Officials in western Canada’s British Columbia implored tens of thousands of residents to heed warnings and evacuate Saturday as “rapidly evolving” wildfires threatened large parts of the scenic Okanagan Valley, including the city of Kelowna.
The situation in the popular boating and hiking destination was “highly dynamic,” said Bowinn Ma, the province’s minister of emergency management.
Around 30,000 people were under evacuation orders while another 36,000 were under alert to be ready to flee, she said.
“We cannot stress strongly enough how critical it is to follow evacuation orders when they are issued,” Ma said at an afternoon news conference.
“They are a matter of life and death not only for the people in those properties, but also for the first responders who will often go back to try to implore people to leave.”
Kelowna, a city of 150,000, was choked with thick smoke as it became the latest population center hit in a summer of dramatic wildfires across Canada that has left millions of acres scorched.
Prime Minister Justin Trudeau said he had spoken with British Columbia Premier David Eby about the “rapidly evolving and incredibly devastating wildfire situation” and pledged federal resources in responding to the disaster.
Blazes far away in the neighboring Northwest Territories have meanwhile prompted the evacuation of regional capital Yellowknife, leaving the remote city of some 20,000 largely a ghost town.
Winds have been fanning the wildfires towards Yellowknife, but Saturday saw some relief after overnight rain brought a sharp dip in temperatures.
However, “a little rain does not mean it’s safe to come back home,” warned Northwest Territories environment minister Shane Thompson at a Saturday evening press conference.
“Though the surface may not show fire, it’s still active and it’s huge,” he said, noting that temperatures are expected to rise again on Sunday.
Yellowknife official Chris Greencorn praised the work crews were doing to build defenses around the city, with large areas cleared to create firebreaks and pipes laid for sprinklers and water cannons.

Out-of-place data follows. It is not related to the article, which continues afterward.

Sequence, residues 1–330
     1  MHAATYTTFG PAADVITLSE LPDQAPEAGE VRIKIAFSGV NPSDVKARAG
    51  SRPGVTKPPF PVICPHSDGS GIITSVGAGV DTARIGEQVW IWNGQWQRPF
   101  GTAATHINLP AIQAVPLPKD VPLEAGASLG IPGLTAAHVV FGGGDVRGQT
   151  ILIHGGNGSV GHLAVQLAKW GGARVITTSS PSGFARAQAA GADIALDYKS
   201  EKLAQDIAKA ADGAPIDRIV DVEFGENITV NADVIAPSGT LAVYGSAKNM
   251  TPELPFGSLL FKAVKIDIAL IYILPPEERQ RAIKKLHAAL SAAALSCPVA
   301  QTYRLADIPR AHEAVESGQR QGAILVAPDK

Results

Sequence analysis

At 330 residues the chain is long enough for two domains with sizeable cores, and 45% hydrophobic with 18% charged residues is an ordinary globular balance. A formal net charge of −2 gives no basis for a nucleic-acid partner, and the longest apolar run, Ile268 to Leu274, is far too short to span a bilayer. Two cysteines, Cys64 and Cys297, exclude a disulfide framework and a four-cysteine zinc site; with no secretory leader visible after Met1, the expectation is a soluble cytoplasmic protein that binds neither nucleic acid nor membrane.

“Basically this represents approximately two full Yellowknife construction seasons completed in less than six days,” he said.
Tony Whitford, a former commissioner for the Northwest Territories and a longtime resident of Yellowknife, arrived in the city of Calgary on one of the first flights out and gave the evacuation high marks.
“My compliments to them all,” Whitford, who is 82 and wheelchair-bound, said of the organizers. “It’s so complex — 20,000 people — it’s incredible. It went smoothly.”
Several towns and Indigenous communities were evacuated earlier. The exodus from Yellowknife and elsewhere means two-thirds of the near-Arctic territory’s population has been displaced, Thompson said.
The ongoing fires have caused “terrible loss,” Trudeau told reporters after meeting Yellowknife evacuees Friday as they arrived in Edmonton, Alberta, with no idea when they may return home.
About 40 flights carrying around 3,500 passengers from Yellowknife have arrived in Calgary, said officials in the city, which has made nearly 500 hotel rooms available.
In British Columbia, blazes have already destroyed several properties in West Kelowna, separated by Okanagan Lake from its larger, eponymous neighbor.
Among them is the Lake Okanagan Resort, according to local media, which is known for having hosted high-profile politicians such as British prime minister Margaret Thatcher.
Eby on Saturday announced an emergency order halting non-essential visits to the area.
The order, which bans visitors from checking in at hotels and other temporary accommodations, covers Kelowna and the nearby towns of Kamloops, Oliver, Penticton and Vernon as well as Osoyoos near the US border.
“If you are currently in accommodations in these areas, we are asking you to voluntarily check out early and free up those spaces for evacuees and responders,” Ma added.
Firefighters from Australia, Mexico, Brazil and Costa Rica, as well as eastern Canada, are assisting British Columbia to combat the blazes.
Meanwhile across the border in the United States, several thousand people were forced to flee wildfires in Washington state, with at least one death reported, local media said.
An evacuation was ordered for Medical Lake, a town outside Spokane and next to a US Air Force base, while a section of the vital I-90 highway was closed, authorities said.
Canada is experiencing a record-setting wildfire season, with official estimates of over 14 million hectares (34.6 million acres) already burned — roughly the size of Greece and almost twice the area of the last record of 7.3 million hectares. Four people have died so far.
Scientists say human-caused global warming is exacerbating natural hazards, making them both more frequent and more deadly.